On Monday, the Supreme Court heard three cases that provided clarification to questions ultimately answered in the decision “Bostock v. Clayton County, Georgia.”
In two of them, gay men were fired because they were open about being gay.
In one, a transgender woman was fired because she came to work as a woman.
The court's majority decided that the 1964 Civil Rights Act Title Seven protections against employment discrimination based on sex includes protections for gay and transgender workers.
Justice Neil Gorsuch wrote the decision shared by six of the court's nine justices.
"...it is impossible to discriminate against a person for being homosexual or transgender without discriminating against that individual based on sex," Gorsuch.
University of Utah Law Professor Clifford Rosky says the ruling is a landmark.
"This is really one of the biggest victories for the LGBT movement in its history," said Rosky.
Equality Utah executive director Troy Williams says it will have a profound impact, even though Utah outlawed such workplace discrimination five years ago.
"29 states don't have basic non-discrimination laws in the workplace," said Williams.
Williams added that the patchwork of state laws meant gay and transgender job seekers would have to decide if it was worth taking a job in a state that allowed employers to fire someone based on their orientation or gender identity.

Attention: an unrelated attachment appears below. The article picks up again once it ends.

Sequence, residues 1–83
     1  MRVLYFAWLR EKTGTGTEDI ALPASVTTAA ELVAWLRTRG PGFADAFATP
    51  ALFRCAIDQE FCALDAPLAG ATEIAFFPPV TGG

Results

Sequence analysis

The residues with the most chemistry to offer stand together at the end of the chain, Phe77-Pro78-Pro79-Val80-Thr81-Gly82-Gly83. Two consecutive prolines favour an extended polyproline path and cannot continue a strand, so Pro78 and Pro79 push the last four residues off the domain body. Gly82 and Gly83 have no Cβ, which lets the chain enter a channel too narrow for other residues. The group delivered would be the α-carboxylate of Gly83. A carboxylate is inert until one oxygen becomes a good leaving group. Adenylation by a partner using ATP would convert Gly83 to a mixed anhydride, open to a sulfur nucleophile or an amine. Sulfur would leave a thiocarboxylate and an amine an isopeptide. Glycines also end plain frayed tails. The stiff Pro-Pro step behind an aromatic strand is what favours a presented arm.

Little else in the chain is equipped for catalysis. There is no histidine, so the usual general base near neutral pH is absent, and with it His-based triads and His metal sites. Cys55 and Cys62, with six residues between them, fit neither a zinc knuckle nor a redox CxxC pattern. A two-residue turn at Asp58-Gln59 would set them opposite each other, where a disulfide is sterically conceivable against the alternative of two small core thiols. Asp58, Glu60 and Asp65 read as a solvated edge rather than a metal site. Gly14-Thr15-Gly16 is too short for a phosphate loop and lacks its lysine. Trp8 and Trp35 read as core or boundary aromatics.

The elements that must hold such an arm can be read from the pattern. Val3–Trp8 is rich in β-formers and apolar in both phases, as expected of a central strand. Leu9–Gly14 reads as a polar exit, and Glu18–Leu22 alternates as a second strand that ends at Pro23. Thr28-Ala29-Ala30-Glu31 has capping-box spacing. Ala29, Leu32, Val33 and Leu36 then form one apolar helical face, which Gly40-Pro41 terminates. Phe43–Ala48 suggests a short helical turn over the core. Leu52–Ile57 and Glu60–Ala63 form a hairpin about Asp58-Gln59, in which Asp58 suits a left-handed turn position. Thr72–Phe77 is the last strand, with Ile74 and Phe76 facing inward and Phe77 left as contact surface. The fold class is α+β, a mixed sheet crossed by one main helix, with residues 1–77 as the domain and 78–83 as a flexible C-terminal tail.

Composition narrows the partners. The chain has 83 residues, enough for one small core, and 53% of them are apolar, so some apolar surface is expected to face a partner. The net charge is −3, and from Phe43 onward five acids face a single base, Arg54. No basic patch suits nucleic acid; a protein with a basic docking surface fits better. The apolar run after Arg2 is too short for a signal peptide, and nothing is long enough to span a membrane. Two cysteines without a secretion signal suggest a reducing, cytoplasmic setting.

"It's an incredible moment," said Williams.
Utah politicians have taken different sides on the case.
Republican Senator Mike Lee, once a clerk for Justice Samuel Alito who dissented in the case, said he agrees with his former boss.
I disagree with the Court’s decision today for the same reasons outlined by Justice Alito. https://t.co/wwuf2XYB7E— Mike Lee (@SenMikeLee) June 15, 2020
Democratic Representative Ben McAdams said the decision was overdue:
"Utah was a leader in outlawing workplace and housing discrimination against LGBTQ individuals and now the high court has ruled those protections are the law of the land,” said McAdams in a statement.
State Senate President Stuart Adams also touted Utah's earlier protections for LGBTQ people in the workplace and in housing.
"Utah led the way, passing landmark legislation regarding anti-discrimination LGBTQ and religious rights in 2015. Our state was at the forefront of fairness for all and finding a balanced and equalizing solution to squaring religious liberty with non‐discrimination. Today, the decision affirmed rights for individuals that Utah made sure to protect with legislation in 2015,” said Adams.